The UK is facing legal action from the European Commission for avoiding paying £15m in tax on imports of fresh garlic which the UK had previously claimed was frozen. Under EU law frozen garlic is taxed at a lower rate than in the fresh state.
The mistake was revealed after an inspection by the European Anti-Fraud Office in 2006. They revealed the mistake which was committed on imports between 2005 and 2006.
The UK has had several years to make amends, with the European Commission chasing payment since 2008. However, after repeated non-payment of the bill the patience of the Commission has finally snapped, with the launching of legal acti on to recover the monies owed.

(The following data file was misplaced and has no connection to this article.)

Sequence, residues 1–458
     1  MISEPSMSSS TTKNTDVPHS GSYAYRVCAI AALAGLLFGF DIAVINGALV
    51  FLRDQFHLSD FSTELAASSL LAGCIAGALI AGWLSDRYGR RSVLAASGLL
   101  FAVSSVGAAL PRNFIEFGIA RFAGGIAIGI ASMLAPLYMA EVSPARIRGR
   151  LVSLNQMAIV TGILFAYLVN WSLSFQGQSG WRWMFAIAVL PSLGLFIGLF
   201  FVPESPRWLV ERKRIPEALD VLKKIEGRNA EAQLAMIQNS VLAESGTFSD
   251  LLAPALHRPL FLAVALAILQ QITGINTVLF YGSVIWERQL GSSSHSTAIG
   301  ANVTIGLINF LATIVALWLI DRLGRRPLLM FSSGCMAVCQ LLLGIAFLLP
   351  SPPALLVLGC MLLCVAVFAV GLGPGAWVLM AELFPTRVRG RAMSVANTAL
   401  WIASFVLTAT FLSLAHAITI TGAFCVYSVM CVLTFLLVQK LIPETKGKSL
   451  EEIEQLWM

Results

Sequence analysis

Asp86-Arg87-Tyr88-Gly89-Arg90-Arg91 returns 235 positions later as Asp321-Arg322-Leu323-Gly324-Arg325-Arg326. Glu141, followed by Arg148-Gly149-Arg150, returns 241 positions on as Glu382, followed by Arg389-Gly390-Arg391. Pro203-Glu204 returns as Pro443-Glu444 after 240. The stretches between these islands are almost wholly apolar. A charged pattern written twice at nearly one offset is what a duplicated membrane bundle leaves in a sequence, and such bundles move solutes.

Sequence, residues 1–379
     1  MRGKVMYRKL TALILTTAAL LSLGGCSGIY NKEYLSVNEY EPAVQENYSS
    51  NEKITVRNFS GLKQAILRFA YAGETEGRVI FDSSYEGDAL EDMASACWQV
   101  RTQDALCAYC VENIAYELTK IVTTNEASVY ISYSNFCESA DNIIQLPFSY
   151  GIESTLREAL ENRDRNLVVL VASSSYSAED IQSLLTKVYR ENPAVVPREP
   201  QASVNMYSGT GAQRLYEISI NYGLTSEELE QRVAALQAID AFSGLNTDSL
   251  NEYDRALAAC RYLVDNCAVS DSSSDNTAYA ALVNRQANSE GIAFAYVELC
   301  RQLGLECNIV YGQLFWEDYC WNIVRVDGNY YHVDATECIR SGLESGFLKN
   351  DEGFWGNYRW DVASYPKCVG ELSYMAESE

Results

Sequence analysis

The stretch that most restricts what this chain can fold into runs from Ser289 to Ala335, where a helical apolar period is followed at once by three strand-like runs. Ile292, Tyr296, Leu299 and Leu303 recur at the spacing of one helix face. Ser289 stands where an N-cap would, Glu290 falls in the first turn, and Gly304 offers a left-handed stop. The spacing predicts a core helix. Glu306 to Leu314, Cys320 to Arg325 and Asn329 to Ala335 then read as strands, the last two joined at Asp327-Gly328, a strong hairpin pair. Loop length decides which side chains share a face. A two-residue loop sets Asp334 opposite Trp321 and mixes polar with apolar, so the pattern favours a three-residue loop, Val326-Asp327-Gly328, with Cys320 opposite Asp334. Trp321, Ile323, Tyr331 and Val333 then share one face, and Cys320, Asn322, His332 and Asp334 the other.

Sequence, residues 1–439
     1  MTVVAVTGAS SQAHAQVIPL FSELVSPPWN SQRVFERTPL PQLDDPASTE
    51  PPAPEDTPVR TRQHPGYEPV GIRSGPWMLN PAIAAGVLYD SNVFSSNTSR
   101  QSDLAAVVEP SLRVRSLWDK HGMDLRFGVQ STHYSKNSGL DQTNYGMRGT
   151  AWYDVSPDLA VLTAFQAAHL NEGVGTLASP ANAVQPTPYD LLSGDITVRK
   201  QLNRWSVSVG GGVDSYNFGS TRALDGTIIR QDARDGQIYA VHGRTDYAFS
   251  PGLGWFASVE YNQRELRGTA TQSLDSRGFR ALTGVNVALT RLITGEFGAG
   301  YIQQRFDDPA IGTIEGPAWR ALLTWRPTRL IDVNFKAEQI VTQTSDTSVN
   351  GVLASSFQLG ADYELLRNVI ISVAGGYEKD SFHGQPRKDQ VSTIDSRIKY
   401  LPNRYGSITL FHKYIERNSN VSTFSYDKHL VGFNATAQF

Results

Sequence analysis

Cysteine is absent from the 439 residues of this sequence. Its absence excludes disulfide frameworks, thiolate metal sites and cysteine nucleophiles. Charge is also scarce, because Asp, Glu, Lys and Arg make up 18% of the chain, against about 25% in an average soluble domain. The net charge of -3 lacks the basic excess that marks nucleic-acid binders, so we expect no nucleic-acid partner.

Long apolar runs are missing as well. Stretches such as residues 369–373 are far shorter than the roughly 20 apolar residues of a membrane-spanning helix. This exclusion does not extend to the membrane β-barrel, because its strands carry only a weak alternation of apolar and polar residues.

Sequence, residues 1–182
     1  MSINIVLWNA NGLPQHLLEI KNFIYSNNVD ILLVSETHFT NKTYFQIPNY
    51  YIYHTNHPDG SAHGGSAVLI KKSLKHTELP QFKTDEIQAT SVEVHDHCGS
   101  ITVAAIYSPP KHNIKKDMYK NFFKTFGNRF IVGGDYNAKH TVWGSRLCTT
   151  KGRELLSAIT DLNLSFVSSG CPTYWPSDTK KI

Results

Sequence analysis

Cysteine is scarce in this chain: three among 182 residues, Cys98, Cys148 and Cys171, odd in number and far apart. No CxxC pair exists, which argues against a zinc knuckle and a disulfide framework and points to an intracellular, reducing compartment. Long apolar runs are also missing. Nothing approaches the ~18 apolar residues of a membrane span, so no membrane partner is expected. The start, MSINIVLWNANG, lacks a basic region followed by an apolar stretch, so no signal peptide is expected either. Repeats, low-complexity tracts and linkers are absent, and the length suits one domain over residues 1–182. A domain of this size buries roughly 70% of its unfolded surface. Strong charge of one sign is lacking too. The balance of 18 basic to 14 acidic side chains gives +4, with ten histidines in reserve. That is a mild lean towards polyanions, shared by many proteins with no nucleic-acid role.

In a statement on the matter, the EU Commission said: "In failing to collect the correct amount, the UK authorities did not act with all due care."
"The UK authorities, however, have failed to compensate for the missing amount, by claiming that the customs took all necessary actions justified by the case," they added.
The move has angered some UK Members of the European Parliament (MEPs). Richard Ashworth is a Conservative MEP.
"I'm sorry to say that the aggressive approach of the Commission - over garlic of all things - leaves a bad taste in the mouth," he quipped.
"In such hard times, when all countries, including ours, are looking to save every bit of money they can just to combat the debt crisis, it defies all sense of proportion to be taking Britain to court over what amounts to a demand for garlic tax," he added, ignoring the principle of tax avoidance which has dominated the news in recent days.
Customs duties charged on imports are collected by member states and are then passed to the EU as part of annual contributions.